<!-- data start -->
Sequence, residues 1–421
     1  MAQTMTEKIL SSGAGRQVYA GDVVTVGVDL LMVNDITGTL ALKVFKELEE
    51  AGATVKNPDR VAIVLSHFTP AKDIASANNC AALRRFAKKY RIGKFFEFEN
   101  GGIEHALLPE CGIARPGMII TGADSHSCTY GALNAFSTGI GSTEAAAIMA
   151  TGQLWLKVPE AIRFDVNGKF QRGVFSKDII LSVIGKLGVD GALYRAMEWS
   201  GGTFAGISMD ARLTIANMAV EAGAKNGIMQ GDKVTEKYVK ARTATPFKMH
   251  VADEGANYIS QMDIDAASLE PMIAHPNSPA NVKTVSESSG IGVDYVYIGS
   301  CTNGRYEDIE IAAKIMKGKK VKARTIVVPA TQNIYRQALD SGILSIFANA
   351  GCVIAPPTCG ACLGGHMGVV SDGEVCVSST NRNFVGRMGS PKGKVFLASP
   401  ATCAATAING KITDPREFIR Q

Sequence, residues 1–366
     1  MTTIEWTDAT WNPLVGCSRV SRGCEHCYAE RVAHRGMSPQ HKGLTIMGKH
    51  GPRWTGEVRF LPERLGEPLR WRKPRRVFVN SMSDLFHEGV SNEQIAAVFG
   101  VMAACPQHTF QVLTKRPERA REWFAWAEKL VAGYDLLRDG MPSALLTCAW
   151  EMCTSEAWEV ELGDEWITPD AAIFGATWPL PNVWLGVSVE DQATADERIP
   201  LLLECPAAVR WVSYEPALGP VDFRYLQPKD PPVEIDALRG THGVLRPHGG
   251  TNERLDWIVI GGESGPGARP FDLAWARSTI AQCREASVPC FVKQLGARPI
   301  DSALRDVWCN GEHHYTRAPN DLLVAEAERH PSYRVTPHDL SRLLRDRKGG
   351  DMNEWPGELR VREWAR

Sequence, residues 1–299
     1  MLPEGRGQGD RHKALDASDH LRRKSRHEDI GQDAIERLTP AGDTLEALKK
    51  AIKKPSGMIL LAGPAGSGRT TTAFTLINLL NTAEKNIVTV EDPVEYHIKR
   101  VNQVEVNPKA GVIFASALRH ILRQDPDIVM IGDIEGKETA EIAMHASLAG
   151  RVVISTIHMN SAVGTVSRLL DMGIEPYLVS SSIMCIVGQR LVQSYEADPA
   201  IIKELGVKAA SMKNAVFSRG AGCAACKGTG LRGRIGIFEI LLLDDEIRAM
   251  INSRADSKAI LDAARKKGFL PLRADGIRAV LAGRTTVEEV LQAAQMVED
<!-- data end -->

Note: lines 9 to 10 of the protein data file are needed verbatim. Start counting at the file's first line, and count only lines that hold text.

   351  GCVIAPPTCG ACLGGHMGVV SDGEVCVSST NRNFVGRMGS PKGKVFLASP
   401  ATCAATAING KITDPREFIR Q